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#CoreHardBy

C++ CoreHard Autumn 2019 Сonference

The C++ CoreHard Autumn 2019 is a conference dedicated to C++ and related hardcore technologies.

The conference is being organized by the CoreHard.by community that unites not only C++ engineers, but also those who are interested in low-level development in C and Assembler, programming of controllers, Internet of Things, highload server solutions and in any kind of “hardcore” development.

The conference will take 2 days: November 29 - workshop day, November 30 - conference day

Official conference languages: Russian, English

Билеты
Date Workshop (29.11) Conference (30.11)
01.11.2019 - 30.11.2019 440 BYN 290 BYN

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Speakers

Workshops, November 29

  • 9:30 - 10:00

    Registration

  • 10:00 - 14:00

    Quick and modern C++ [Russian]

    Antony Polukhin

    In any large codebase you can always find pieces of code which are not totally understandable. Mostly, such kind of code is implemented when the application needs some performance boost... and, mostly, that code is not useful because it optimizes functionality in wrong place, in incorrect way and in not a good way.
    During our masterclass we will get to know to the allocators features, optimizers and implementations of containers; look at assembler code; learn how to correctly and clearly write fast single-threaded and multi-threaded applications.
    You only need a complier with C++ 11 support (at least VS 2013/Clang-3.3/GCC-4.8) and basic C++ knowledge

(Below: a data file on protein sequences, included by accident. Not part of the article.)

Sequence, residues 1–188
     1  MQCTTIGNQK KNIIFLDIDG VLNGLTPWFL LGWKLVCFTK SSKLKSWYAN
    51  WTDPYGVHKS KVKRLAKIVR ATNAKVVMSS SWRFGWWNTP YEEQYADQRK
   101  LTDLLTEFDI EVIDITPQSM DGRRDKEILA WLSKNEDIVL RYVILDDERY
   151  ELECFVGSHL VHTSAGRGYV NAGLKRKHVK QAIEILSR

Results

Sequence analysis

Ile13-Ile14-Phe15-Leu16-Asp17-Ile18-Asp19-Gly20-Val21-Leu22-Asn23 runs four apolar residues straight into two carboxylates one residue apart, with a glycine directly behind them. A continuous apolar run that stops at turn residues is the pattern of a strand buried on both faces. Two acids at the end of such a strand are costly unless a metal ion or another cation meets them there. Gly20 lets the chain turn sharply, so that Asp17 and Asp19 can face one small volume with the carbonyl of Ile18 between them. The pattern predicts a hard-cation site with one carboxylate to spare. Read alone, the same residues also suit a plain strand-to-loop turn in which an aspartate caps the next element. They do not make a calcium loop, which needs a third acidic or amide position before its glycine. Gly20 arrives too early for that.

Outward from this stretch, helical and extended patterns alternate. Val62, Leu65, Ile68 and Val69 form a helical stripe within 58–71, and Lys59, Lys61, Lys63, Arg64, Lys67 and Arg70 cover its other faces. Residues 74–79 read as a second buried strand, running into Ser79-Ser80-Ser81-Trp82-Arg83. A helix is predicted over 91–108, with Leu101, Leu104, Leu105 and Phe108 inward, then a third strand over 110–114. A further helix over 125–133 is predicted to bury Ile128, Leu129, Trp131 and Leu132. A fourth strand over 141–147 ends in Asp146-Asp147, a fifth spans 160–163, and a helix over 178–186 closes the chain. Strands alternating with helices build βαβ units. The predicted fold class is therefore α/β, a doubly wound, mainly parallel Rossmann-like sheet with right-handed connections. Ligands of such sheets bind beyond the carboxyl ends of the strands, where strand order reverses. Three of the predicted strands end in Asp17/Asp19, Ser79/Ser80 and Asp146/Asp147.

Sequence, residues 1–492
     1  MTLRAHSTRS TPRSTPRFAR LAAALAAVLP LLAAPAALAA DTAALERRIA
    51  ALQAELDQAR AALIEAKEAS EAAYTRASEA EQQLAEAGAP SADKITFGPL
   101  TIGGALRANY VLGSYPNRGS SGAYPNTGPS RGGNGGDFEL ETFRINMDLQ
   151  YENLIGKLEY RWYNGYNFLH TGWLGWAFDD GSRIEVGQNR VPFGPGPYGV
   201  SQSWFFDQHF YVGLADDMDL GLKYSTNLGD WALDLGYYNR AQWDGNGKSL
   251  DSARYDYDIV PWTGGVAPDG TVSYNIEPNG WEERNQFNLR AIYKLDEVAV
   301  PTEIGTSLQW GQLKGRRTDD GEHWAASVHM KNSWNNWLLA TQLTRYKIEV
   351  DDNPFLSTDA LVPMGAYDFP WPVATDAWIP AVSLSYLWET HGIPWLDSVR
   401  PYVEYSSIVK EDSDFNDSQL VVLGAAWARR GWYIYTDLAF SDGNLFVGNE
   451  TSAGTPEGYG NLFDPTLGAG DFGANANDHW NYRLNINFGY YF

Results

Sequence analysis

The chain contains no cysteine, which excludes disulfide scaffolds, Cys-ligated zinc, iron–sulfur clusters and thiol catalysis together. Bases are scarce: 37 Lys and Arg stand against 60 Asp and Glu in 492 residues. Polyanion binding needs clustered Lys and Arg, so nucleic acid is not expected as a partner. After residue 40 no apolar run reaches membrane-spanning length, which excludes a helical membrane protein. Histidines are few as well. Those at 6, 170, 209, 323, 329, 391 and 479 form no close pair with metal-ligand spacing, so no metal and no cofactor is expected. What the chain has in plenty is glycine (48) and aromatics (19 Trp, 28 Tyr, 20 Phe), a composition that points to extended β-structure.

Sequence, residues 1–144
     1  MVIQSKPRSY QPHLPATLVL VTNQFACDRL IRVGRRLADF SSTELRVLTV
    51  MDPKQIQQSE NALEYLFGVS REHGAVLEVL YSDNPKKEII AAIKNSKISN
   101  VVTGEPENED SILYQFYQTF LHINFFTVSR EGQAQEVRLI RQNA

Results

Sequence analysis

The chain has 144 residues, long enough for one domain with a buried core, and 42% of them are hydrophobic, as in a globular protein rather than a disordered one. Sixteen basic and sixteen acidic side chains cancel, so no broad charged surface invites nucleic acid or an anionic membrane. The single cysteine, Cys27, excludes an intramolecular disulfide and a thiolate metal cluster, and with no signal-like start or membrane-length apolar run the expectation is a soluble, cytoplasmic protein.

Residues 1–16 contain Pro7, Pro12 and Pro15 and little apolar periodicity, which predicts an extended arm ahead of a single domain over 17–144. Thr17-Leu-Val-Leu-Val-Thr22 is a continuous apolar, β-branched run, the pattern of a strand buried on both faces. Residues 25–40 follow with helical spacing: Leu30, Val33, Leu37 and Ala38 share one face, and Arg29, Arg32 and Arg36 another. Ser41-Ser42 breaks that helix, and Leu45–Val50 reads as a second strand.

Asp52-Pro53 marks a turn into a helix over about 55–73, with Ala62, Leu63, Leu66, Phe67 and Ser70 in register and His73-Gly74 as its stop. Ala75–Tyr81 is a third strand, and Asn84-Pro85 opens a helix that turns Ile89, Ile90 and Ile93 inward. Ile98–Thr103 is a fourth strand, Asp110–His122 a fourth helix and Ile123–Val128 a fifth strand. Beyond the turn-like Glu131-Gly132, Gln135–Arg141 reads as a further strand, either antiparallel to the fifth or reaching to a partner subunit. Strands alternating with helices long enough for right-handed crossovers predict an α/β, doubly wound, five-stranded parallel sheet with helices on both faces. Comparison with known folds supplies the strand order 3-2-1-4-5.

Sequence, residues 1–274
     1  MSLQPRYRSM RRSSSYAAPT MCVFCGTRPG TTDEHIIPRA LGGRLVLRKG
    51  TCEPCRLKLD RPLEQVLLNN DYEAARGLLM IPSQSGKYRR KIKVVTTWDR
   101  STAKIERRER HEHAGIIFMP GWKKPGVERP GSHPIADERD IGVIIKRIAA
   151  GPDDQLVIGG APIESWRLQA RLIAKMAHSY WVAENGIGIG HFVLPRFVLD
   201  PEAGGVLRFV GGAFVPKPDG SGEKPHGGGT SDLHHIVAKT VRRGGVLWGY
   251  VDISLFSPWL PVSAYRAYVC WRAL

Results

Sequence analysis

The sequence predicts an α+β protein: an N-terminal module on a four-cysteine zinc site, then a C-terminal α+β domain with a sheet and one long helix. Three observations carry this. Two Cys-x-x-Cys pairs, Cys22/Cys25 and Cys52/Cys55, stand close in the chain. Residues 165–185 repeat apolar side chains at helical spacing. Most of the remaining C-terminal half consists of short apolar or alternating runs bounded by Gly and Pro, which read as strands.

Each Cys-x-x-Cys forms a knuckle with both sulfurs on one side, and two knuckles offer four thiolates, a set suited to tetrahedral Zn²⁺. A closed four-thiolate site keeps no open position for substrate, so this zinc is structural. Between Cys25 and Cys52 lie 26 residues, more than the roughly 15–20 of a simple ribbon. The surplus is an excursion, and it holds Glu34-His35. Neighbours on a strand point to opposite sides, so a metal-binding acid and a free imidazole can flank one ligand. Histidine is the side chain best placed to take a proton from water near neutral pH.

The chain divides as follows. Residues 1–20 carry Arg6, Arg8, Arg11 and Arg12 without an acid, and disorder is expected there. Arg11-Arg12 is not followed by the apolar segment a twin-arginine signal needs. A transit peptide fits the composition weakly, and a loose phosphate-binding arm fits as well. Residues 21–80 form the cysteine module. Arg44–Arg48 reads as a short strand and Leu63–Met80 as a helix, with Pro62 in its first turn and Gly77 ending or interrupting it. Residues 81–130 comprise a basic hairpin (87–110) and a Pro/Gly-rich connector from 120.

• 14:00 - 15:00

    Lunch

  • 15:00 - 19:00

    Quick and modern C++ [Russian]

    Antony Polukhin

    In any large codebase you can always find pieces of code which are not totally understandable. Mostly, such kind of code is implemented when the application needs some performance boost... and, mostly, that code is not useful because it optimizes functionality in wrong place, in incorrect way and in not a good way.
    During our masterclass we will get to know to the allocators features, optimizers and implementations of containers; look at assembler code; learn how to correctly and clearly write fast single-threaded and multi-threaded applications.
    You only need a complier with C++ 11 support (at least VS 2013/Clang-3.3/GCC-4.8) and basic C++ knowledge

  • 9:30 - 10:00

    Registration

  • 10:00 - 14:00

    What is used daily in C++ but still unfamiliar: rvalue references, std::move, copy elision and more [Russian]

    Vadim Vinnik

    - Template parameter and auto type inference.
    - Auto refenerces and passing arguments into a function.
    - Expression categories: (gl|r|l|x|pr)-values.
    - When are constructors get called and when do not.
    - Tail recursion optimisation becomes possible in C++.
    - Actually, std::move does not move anything.
    - Constexpr vs. const.
    - Smart pointers vs. raw pointers.
    - Function objects and lambdas.
    - Case study: asyncronous notifier.
    - Case study: write-only replicable storage.

  • 14:00 - 15:00

    Lunch

  • 15:00 - 19:00

    What is used daily in C++ but still unfamiliar: rvalue references, std::move, copy elision and more [Russian]

    Vadim Vinnik

    - Template parameter and auto type inference.
    - Auto refenerces and passing arguments into a function.
    - Expression categories: (gl|r|l|x|pr)-values.
    - When are constructors get called and when do not.
    - Tail recursion optimisation becomes possible in C++.
    - Actually, std::move does not move anything.
    - Constexpr vs. const.
    - Smart pointers vs. raw pointers.
    - Function objects and lambdas.
    - Case study: asyncronous notifier.
    - Case study: write-only replicable storage.

  • 9:30 - 10:00

    Registration

  • 10:00 - 14:00

    Modern C++ idioms [English]

    Mateusz Pusz